During the Monday meeting, attorney Ellis Lesemann spoke on behalf of Knightsville LLC. He said they paid just under $1.1 million for the land in 2019. He also argued that there is enough infrastructure in place to develop the project.
“They’ve been incurring permit fees, legal fees, engineering, doing a wetlands delineation and going through other types of carrying costs to bring that project forward,” he said.
Lesemann said his client learned about the rezoning plans for their property in February. After a Monday executive session, the council agreed to exclude property under Knightsville LLC from its rezoning ordinance.
“We were pleased to be able to resolve the matter with the county,” Lesemann said.
Future approval of multi-family zoning will be based on the county’s available infrastructure and future land use.
The area above Central Avenue in Knightsville is next on the county’s list of mass rezoning. The county’s planning commission is scheduled to meet on Oct. 8 to review proposed rezonings.
A County Council public hearing is expected to follow on a later date. Officials say property owners impacted by the rezoning should’ve already been notified.
Many owners have likely received a flier on their property notifying them about the rezoning.
The Knightsville area shopping center where the former Mr. K’s Piggly Wiggly used to be could be redeveloped in the near future.
Franklin Ridge of South Carolina presented plans for the Knightsville Crossing shopping center, on Central Ave. and Orangeburg Rd., to the Town of Summerville’s Commercial Design Review Board last Thursday.
The plan calls for filling the space and keeping the existing tenants that currently surround it. New additions would include a gas station, reconfigured parking spaces, a fast food restaurant and more.
The petitioner is currently in negotiations with a potential anchor tenant and has not disclosed what could be the potential store.
“Any time you have a large vacancy in a shopping center it tends to drag the other tenets who might remain down,” said Tim Macholl, Zoning Administrator for Summerville.
The land has not yet been purchased and the most recent review was only a conceptual review. The development would still have to get approved before construction or renovations can start.
SUMMERVILLE, S.C. (WCIV) A former Dorchester District 2 school administrator has filed a lawsuit against the school district.Three years ago, assistant principal Mary Rita Watson was charged, along with three other employees at Knightsville Elementary School, for failing to report child abuse.The case and all charges were dismissed over a year ago, but attorney Michael O'Connell calls his client, Mary Rita Watson, "radioactive.""She has applied for jobs at the school district, she didn't get them, and they...
SUMMERVILLE, S.C. (WCIV) A former Dorchester District 2 school administrator has filed a lawsuit against the school district.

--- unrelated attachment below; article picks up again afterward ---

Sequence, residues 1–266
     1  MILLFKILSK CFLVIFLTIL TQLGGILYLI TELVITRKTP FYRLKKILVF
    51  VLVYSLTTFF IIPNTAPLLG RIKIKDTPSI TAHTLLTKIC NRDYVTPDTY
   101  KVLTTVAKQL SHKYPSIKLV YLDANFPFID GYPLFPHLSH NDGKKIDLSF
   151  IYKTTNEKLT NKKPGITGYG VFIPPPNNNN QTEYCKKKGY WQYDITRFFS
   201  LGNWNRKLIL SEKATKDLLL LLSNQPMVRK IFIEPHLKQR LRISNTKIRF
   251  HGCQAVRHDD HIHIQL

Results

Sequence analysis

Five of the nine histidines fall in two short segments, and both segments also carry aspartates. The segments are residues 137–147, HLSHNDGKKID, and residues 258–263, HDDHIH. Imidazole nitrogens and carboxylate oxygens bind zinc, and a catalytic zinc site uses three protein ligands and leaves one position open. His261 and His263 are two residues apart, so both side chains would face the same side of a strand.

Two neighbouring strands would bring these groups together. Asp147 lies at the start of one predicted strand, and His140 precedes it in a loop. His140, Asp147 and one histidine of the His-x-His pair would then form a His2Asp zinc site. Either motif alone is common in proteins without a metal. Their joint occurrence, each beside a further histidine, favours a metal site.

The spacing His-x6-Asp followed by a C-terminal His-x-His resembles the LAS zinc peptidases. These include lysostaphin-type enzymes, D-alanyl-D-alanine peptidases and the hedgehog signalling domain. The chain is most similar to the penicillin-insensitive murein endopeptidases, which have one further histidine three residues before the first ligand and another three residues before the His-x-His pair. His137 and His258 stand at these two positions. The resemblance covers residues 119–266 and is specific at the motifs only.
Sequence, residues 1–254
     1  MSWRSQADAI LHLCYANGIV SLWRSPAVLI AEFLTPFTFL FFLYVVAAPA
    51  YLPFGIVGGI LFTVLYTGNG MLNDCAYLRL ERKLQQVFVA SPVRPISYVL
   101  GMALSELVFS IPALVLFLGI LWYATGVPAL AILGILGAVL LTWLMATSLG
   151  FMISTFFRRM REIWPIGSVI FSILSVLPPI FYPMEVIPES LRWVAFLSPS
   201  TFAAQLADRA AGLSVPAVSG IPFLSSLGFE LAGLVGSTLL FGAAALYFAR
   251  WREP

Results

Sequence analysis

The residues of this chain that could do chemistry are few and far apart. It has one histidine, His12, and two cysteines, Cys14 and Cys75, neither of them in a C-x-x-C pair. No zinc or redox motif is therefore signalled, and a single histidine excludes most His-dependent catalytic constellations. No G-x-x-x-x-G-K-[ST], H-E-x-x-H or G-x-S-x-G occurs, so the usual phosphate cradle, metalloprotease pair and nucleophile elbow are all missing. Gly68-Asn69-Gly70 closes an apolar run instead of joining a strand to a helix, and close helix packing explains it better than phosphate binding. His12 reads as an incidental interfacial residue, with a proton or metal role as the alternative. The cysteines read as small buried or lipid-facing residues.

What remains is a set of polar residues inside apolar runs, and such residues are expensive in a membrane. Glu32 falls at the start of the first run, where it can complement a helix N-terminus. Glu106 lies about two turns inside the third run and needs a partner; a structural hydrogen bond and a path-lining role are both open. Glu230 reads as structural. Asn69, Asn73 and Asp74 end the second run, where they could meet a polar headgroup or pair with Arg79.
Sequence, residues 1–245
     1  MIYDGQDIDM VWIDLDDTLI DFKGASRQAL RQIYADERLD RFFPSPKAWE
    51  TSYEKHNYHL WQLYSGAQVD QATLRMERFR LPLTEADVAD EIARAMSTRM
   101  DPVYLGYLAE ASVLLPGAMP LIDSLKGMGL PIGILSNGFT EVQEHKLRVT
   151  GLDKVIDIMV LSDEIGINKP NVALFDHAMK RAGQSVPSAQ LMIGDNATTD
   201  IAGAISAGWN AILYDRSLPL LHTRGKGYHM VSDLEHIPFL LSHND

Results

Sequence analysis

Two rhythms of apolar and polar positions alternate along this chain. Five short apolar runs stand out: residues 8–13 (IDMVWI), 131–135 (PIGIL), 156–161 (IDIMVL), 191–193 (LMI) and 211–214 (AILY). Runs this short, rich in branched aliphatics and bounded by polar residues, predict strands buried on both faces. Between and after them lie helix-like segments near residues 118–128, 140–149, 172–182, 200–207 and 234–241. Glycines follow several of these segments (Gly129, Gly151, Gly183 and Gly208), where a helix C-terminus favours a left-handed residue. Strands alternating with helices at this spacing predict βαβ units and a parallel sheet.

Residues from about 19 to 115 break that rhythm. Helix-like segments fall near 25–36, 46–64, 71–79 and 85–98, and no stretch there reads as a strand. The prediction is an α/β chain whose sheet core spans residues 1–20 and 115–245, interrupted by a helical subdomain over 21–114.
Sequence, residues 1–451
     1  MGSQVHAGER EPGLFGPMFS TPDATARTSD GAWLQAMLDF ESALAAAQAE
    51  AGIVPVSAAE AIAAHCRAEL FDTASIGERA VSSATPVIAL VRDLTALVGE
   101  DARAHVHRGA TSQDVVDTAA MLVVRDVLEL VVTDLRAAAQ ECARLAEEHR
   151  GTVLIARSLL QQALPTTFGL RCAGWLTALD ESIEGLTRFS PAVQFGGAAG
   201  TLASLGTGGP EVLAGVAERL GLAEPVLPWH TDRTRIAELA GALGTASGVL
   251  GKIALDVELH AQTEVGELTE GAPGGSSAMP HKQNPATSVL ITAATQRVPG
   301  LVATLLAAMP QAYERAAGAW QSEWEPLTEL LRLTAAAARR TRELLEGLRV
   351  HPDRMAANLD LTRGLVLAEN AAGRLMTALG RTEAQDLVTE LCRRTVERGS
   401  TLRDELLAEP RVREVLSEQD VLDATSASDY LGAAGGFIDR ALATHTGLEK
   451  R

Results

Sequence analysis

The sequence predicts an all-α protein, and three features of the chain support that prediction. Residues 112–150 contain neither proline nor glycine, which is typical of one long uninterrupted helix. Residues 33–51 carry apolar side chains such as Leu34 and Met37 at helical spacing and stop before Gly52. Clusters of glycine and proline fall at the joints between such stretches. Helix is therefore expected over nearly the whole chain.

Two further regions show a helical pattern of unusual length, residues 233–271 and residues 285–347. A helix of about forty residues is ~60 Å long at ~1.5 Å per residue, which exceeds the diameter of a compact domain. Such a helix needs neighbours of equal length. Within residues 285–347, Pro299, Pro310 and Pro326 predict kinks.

Three years ago, assistant principal Mary Rita Watson was charged, along with three other employees at Knightsville Elementary School, for failing to report child abuse.
The case and all charges were dismissed over a year ago, but attorney Michael O'Connell calls his client, Mary Rita Watson, "radioactive."
"She has applied for jobs at the school district, she didn't get them, and they didn't tell her why and she was qualified for them," said Michael O'Connell. "I think she is radioactive as far as they are concerned. Everybody is afraid of hiring her."
Even though all charges were dismissed alleging that Watson and three other employees failed to report child abuse back in 2009, it's a case that still haunts her.
"First of all, what was reported to my client wasn't child abuse under the stature. Secondly, she reasonably concluded it didn't happen, and third, she told her supervisor which is what she should have done," O'Connell said. "She was not only not guilty, she was innocent."
Three years later, Watson is now suing Dorchester County School District 2 for reinstatement, back pay, and special damages. O'Connell said the bottom line is Watson just wants to get back to doing what she loves to do.
"No one is going to give her a job in administration which is what she was trained for," O'Connell said. "Right now it's not possible. She's been turned down at jobs in Dorchester 2 and other school districts, so she's stuck."
"I wouldn't call her bitter. I would be bitter, but she's not. She's one of the most even tempered people I've ever run into. She's sad, but not bitter."
A spokesperson for the Dorchester County School District said the district won't comment on pending litigation, and has no plans for a statement on the case in the near future.
"She didn't do anything wrong. Can you imagine anything more unjust in actually not doing anything wrong and suffering the same consequences as other people charged with crimes."
O'Connell said it could take years for a trial against the school district to take place.